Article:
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Cobit Security Checklist

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Autor: 24  •  November 18, 2010  •  7,574 Words (31 Pages)  •  1,949 Views

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Security Checklist for the XYZ Company

1. PO1.3 Assessment of Current Capability and Performance

2. PO2.3 Data Classification Scheme

3. AI6.1 Change Standards and Procedures

4. DS4.1 IT Continuity Framework

5. DS5.2 IT Security Plan

6. DS5.3 Identity Management

7. DS5.5 Security Testing, Surveillance and Monitoring

8. DS5.9 Malicious Software Prevention, Detection, and Correction

9. DS5.10 Network Security

10. ME1.3 Monitoring Method

Supporting Explanation for Check-list Item Number 1

The first step in a security checklist for XYZ Company is COBIT PO1.3, an assessment of the current capability and performance of solution and service delivery. The assessment should measure IT's contribution to business objectives, functionality, stability, complexity, costs, strengths, and weaknesses. While this assessment will be useful for security purposes, all areas of IT can use it because security capabilities are a subset of overall IT capabilities. It will provide a baseline to which to compare future changes. Since XYZ is not a new company, they must have existing infrastructure and services in place. Thus, having a baseline is advantageous because it will allow IT to show tangible improvements to executives, which will help procure financing for future IT endeavors.

Assessing current capabilities will also prevent them from building solutions from scratch when a similar one already exists. By reducing re-work, XYZ can use their funds to the utmost effect. Another side effect of the assessment will be groundwork for the identification of the company's information assets, which will be important in future steps such as data classification. According to COBIT, the assessment should also measure IT's strengths and weaknesses. Some of the weaknesses will undoubtedly be security related and give XYZ Company areas on which to focus improvements.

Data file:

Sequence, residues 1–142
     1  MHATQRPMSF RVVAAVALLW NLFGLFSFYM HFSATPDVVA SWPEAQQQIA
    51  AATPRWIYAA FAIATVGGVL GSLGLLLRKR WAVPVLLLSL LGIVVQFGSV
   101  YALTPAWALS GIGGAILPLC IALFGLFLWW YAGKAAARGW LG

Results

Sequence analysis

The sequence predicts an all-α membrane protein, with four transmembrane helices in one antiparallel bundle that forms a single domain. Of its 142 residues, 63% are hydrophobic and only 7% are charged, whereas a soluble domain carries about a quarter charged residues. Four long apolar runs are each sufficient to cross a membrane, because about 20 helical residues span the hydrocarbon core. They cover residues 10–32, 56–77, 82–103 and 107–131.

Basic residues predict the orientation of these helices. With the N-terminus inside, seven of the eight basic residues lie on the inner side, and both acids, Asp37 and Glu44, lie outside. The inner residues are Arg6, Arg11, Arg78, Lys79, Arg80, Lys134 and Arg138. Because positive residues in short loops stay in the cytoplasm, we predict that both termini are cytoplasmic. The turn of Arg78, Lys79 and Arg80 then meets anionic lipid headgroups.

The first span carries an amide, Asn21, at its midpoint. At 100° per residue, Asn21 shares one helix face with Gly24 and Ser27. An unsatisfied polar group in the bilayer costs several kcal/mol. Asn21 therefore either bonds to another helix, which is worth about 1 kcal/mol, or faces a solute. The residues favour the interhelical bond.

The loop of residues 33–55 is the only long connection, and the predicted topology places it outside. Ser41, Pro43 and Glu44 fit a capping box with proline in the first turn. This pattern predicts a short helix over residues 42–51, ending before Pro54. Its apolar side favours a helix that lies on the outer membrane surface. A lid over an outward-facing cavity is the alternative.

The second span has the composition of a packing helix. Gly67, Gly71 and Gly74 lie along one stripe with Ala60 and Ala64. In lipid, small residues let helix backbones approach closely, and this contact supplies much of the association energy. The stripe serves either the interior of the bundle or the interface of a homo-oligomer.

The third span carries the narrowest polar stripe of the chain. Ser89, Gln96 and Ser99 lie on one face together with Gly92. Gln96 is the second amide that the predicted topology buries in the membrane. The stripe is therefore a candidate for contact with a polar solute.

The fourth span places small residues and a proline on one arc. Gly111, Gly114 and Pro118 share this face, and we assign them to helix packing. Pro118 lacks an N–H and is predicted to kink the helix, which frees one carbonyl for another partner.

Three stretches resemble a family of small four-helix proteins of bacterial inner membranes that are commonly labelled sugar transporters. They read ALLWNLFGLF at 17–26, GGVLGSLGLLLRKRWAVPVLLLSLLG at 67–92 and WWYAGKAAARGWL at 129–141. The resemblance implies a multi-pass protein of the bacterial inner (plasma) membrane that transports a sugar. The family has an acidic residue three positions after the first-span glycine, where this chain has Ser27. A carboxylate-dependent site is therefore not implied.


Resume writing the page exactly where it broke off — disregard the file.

To accomplish the assessment, IT will have to interview people across the enterprise. In XYZ Company's case, this will include manufacturing facilities, suppliers, and its university research centers. Additionally, IT will perform customer surveys for its website and other sales channels. External auditing of the findings is not necessary because there is little motivation for employees to overstate capabilities. If they do, their resulting targets will be unreachable and thus they will under perform later. If they understate their capabilities, they will be chided for current inefficiencies. Thus, the overall assessment should be accurate. The most cost effective way to aggregate the data will be though a database, on which analysts can perform queries later. IT personnel will also have to travel to the locations to assess the security capabilities, as getting accurate security assessments from non-security personnel will be difficult. This will probably be the most expensive facet of the assessment.